Rudy Mitchell, a senior researcher for Emmanuel Gospel Center in Boston’s South End, points to a number of area churches that, like Resurrection, have become multiethnic in recent years, including the Central Assembly of God in East Boston, Church of the Holy Spirit in Mattapan, Hyde Park Presbyterian Church, and St. Mary Antiochian Orthodox Church in Cambridge.
“It may be that the church is in the neighborhood,’’ drawing people because of convenience, he said. “It may be there’s a style of worship they like.’’
Resurrection Lutheran is affiliated with the Evangelical Lutheran Church of America, a denomination that is 97 percent white and is best known in popular culture as the spiritual home of the stolid Scandinavian-Americans of Lake Wobegon, radio personality Garrison Keillor’s fictional small town in Minnesota. The ELCA is the largest Lutheran denomination in the United States. In 2008, there were about 4.6 million members nationally, including nearly 25,000 in Massachusetts.
The Swedish Lutherans who built Resurrection organized their first congregation in 1874 and completed their first church in the South End in 1881; they decided to move to Warren Street in Roxbury to be closer to the city’s Swedish immigrant population, according to a church history. A visiting Swedish archbishop laid the cornerstone of Emmanuel Lutheran Church, as the congregation was then called, on Thanksgiving Day in 1923; Mayor James Michael Curley spoke at the occasion.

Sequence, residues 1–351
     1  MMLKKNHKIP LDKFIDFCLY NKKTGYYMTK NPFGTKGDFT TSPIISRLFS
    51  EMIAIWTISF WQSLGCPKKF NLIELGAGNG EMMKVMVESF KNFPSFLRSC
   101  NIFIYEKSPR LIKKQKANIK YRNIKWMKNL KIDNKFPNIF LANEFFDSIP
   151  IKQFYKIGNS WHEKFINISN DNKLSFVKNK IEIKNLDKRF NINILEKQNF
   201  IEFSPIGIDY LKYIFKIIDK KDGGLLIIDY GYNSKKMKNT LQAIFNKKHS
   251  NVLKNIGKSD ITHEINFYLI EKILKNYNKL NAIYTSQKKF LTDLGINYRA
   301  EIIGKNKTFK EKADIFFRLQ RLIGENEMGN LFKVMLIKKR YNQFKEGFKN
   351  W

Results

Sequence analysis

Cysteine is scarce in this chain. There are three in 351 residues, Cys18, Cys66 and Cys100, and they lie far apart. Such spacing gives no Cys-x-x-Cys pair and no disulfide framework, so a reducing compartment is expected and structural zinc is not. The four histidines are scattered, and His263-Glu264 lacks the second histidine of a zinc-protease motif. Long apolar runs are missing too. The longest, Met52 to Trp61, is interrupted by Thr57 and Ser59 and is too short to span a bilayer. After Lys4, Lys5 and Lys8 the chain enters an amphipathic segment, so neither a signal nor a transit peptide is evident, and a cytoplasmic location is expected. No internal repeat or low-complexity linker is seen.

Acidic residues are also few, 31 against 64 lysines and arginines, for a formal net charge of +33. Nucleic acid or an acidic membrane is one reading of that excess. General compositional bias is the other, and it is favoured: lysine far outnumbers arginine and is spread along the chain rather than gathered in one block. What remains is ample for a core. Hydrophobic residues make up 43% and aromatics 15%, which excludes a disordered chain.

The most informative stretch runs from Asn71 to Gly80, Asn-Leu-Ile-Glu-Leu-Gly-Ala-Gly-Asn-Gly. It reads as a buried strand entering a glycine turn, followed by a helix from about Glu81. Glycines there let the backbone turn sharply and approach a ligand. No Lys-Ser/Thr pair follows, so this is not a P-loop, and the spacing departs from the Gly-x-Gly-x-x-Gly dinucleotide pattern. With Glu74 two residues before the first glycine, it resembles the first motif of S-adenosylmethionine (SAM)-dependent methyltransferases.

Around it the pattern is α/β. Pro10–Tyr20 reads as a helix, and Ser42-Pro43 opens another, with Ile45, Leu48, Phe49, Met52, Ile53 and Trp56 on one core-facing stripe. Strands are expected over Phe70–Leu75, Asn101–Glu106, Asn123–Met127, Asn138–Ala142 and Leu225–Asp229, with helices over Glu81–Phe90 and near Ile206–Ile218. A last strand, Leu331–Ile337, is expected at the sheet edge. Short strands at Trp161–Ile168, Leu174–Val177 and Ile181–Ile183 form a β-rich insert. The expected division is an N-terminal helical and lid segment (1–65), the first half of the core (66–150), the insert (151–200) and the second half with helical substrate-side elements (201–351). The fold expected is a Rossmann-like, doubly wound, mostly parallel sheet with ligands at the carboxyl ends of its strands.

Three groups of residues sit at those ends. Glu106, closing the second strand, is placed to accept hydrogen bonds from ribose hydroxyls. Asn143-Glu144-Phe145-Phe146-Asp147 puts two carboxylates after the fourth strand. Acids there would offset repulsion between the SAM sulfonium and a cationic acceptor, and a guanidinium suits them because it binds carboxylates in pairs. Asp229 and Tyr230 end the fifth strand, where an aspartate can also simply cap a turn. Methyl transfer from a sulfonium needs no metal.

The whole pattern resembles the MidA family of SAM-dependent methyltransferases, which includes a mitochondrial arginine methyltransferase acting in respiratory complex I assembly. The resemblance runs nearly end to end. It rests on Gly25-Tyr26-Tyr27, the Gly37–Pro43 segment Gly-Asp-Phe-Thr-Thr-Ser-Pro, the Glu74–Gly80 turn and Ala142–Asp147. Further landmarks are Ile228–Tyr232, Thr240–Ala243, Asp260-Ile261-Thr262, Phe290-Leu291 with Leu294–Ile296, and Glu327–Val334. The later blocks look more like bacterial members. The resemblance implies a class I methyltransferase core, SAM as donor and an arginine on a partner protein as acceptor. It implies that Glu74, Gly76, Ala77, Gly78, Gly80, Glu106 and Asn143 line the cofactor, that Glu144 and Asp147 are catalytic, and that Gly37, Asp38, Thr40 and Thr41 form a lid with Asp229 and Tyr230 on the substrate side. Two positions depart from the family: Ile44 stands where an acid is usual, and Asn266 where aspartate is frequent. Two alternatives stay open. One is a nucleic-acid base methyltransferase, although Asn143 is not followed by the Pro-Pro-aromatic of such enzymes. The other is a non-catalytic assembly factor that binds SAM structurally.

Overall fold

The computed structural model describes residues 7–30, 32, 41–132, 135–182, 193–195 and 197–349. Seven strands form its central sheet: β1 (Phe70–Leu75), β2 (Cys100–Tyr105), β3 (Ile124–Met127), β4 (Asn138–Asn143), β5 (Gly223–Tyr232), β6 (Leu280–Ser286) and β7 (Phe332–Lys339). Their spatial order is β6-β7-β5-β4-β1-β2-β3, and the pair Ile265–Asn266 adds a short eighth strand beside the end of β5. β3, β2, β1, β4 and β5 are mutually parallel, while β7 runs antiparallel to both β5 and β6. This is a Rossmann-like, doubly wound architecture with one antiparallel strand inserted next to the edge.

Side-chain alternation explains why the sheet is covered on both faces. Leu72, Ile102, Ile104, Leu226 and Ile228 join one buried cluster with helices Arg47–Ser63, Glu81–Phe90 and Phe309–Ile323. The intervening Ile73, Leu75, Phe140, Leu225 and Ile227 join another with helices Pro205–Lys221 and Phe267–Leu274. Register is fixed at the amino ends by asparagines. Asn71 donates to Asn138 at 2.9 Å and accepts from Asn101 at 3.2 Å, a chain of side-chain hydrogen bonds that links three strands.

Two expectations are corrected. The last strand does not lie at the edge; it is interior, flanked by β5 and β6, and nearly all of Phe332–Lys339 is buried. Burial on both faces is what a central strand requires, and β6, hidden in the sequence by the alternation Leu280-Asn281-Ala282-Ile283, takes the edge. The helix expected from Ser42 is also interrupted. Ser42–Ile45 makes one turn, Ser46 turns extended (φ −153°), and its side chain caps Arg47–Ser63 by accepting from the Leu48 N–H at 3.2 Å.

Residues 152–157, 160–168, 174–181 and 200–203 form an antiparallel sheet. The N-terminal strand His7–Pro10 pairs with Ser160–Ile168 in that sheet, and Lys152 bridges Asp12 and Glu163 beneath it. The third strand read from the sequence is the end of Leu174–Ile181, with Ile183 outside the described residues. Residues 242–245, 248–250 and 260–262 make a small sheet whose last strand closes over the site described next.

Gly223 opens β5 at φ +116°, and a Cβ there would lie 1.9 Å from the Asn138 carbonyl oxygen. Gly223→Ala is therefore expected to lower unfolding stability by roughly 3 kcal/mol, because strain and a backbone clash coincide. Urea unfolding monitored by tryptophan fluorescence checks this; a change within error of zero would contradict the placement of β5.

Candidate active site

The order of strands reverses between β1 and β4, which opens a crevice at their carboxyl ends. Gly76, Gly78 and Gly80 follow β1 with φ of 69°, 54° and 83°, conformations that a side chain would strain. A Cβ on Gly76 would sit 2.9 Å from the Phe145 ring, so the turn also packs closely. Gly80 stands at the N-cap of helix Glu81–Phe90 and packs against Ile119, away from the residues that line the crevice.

By the 1950s, Swedish services were held once a month, and most of the congregation had moved to the suburbs. But people traveled back to their beloved church each Sunday.
Kurt Wallin, who joined in 1951, recalls how the whole church would have one giant birthday party each spring. For desert there was ostkaka, a kind of Swedish cheesecake, with lingonberries. “People were so close,’’ he said.
As black families moved to Roxbury and a few began joining the church and attending services, some Swedes grew “kind of edgy and nervous about it,’’ he said. The congregation finally called a meeting to discuss the issue, and Carl Davison, the church treasurer, stood up.
“I can remember word for word,’’ Wallin said. “He says: ‘God has given us all a talent to work and to make money. We invested it in this facility, we dedicated it to God, and there’s not one soul that we can stop from coming in here and worshiping with us.’ And that was the end of it.’’
But that wasn’t quite the end of it. Many Swedish families left, said Davison’s widow, Anna, a Swedish immigrant who, at 101, is the church’s oldest member. She and some of the other church women would walk the neighborhood with the pastor, inviting new people in.
“We went up and down the street, welcoming them to come to church,’’ Davison recalled with a smile. “There is one God, and God is for everybody.’’